Sarah Montgomery commented on the need to underplay the commercial side of the organisation: “Coca-Cola have offered us a sponsorship deal. They will give us money for a particular project which will increase our revenue and also the number of visitors we are getting. The problem is that Coke is the epitome of youth and fizz while the Castle’s target market is adults ABC 1, average age somewhere around 45! So how do we pull this deal together? ” It is the ‘integrity’ of the business in which the management take pride. It is not any business site but a very special building that is loved and cherished by the staff.
Their constant concern is how to run a business from the Castle without destroying the charm and romance of the buildings, and without covering it with obtrusive signs and facilities. All staff are very polite and courteous and, though they are available to the public, tend not to interfere with the customers’ visit. In fact they blend in with visitors as they wear little that suggests they are actually staff. And when the Castle is relatively empty of visitors it has a really enchanting atmosphere. PERFORMANCE Evaluation of the performance of the business has difficulties.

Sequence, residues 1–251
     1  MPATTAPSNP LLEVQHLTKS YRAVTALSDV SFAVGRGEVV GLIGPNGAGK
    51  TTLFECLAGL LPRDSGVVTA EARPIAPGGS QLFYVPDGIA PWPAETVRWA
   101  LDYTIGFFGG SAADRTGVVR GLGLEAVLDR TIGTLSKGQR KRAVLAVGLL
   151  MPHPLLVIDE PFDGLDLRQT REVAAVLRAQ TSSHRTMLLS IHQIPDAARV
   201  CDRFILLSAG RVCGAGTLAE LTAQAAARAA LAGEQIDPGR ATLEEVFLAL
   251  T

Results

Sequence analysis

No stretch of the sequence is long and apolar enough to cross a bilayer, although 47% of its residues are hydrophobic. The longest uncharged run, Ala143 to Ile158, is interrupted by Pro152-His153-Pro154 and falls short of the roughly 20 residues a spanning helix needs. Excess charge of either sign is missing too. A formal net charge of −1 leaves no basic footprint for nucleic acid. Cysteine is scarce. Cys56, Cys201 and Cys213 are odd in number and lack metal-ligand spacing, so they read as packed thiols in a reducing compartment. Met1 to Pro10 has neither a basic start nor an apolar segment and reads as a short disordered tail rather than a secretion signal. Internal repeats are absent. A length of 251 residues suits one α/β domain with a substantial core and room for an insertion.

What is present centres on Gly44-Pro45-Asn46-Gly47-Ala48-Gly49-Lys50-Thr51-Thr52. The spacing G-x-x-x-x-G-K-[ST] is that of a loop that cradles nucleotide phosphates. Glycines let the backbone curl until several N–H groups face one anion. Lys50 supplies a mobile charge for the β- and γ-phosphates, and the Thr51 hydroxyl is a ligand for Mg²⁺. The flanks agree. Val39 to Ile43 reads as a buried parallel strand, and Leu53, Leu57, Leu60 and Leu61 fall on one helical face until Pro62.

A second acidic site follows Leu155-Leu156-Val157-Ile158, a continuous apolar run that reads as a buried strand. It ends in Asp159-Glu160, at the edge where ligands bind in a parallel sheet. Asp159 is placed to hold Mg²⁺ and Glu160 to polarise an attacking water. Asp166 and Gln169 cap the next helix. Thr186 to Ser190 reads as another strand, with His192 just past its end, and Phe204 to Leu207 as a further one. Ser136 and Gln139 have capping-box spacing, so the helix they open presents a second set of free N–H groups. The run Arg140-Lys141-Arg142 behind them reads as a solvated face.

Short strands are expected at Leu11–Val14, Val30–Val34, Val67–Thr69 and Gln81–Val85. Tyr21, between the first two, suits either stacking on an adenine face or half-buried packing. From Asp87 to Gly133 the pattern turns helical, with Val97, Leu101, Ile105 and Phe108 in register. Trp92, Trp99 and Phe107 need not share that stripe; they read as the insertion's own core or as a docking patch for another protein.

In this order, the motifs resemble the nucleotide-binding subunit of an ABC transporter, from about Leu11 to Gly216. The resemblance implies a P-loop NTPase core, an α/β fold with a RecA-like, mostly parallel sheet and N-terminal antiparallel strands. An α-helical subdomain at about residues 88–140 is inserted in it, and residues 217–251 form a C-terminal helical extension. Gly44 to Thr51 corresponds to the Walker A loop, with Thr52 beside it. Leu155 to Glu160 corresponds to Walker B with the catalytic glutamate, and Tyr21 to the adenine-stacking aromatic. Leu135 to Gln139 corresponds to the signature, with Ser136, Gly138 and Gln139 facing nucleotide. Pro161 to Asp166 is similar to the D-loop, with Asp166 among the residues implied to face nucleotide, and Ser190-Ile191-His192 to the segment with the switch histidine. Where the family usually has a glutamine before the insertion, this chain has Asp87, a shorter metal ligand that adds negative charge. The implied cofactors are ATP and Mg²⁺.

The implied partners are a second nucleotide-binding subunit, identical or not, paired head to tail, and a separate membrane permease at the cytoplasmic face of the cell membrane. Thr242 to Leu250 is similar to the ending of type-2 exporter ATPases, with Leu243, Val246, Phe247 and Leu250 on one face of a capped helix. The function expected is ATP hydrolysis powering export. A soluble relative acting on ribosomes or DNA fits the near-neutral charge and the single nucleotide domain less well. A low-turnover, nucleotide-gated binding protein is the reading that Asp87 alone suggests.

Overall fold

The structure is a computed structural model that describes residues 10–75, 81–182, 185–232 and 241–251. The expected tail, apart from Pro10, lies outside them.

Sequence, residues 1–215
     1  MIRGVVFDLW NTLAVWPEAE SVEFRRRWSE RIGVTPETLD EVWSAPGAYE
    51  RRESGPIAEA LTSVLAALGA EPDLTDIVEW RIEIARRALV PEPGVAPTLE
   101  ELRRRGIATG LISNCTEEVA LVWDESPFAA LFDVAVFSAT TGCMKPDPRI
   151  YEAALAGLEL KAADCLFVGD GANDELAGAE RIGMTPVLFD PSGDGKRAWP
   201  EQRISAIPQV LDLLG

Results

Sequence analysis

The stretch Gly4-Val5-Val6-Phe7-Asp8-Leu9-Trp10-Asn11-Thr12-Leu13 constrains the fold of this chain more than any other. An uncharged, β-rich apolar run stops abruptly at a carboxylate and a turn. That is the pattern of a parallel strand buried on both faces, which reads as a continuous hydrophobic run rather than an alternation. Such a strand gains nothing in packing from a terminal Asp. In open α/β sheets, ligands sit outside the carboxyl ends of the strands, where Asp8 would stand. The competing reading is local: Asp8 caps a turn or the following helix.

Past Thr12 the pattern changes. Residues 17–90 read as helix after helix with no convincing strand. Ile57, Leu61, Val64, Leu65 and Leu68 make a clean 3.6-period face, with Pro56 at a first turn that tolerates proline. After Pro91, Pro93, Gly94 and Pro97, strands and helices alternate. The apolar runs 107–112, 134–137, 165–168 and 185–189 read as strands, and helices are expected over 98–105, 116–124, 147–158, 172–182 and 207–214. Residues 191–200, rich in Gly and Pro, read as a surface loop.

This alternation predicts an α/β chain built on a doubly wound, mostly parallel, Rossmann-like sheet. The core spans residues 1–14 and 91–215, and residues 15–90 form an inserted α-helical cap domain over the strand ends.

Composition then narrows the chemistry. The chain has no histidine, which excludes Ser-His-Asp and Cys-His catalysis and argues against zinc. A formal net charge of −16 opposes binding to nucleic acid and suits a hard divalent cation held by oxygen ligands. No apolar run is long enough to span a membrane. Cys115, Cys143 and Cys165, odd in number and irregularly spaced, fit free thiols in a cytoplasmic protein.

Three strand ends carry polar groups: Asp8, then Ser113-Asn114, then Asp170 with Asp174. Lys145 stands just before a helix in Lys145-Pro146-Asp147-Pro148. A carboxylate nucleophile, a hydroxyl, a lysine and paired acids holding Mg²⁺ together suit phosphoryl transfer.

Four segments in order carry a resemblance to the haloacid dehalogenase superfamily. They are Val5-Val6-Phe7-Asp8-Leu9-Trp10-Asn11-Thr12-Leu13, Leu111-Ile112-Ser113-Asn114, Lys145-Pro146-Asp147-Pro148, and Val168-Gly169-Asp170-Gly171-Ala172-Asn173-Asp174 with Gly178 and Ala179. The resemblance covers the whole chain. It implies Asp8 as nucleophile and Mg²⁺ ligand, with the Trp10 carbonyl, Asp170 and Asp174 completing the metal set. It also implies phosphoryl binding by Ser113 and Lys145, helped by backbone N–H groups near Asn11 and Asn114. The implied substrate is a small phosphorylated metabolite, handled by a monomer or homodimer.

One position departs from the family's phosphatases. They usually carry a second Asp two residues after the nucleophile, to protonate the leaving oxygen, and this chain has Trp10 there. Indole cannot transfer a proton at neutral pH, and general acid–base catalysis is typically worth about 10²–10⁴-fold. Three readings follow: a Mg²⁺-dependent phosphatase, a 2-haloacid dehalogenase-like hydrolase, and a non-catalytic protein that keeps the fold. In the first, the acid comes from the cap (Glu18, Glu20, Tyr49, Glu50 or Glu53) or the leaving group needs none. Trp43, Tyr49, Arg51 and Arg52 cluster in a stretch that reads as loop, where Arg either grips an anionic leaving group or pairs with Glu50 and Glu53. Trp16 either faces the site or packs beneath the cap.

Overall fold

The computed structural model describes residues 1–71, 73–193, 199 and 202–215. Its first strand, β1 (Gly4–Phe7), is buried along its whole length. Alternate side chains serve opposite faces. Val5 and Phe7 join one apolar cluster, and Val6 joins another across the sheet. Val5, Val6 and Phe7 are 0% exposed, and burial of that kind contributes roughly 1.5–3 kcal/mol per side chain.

On the one hand, queues are an obvious problem (see Table 2) but then the customers do not seem to mind too much! Above all, the business is going from strength to strength, and achieving healthy profit performance. So, while the criticisms have to be noted, management has been achieving the high returns and growth that the shareholders require. Table 2 Observations of queuing and flow, Tuesday afternoon Queue to Private Apartments (number of people) 1. 00pm 130 1. 20 147 1. 40 128 2. 00 153 2. 20 132 2. 40 119 3. 00 137 Flow through doors to Private Apartments (number of people) 1. 00-1. 20 104 1. 20-1. 40 113 1. 40-2. 0 107 Flow from Private Apartments and State Rooms (number of people) 1. 00-1. 20 127 1. 20-1. 40 117 1. 40-2. 00 121 Queue to Rampart Walk 0-20 people at anyone time Number of people entering Rampart Walk 1. 40-1. 50 174 Queue at top of ramparts to get down (number of people) 6 minutes 63 Martin Westwood was defensive on the question of queues: “What popular tourist attraction doesn’t have queues, and in any case, the queues here move pretty quickly. If we get queues for one part of the Castle we simply put out a sign suggesting people move on to the next attraction, although, to be frank, that doesn’t really work.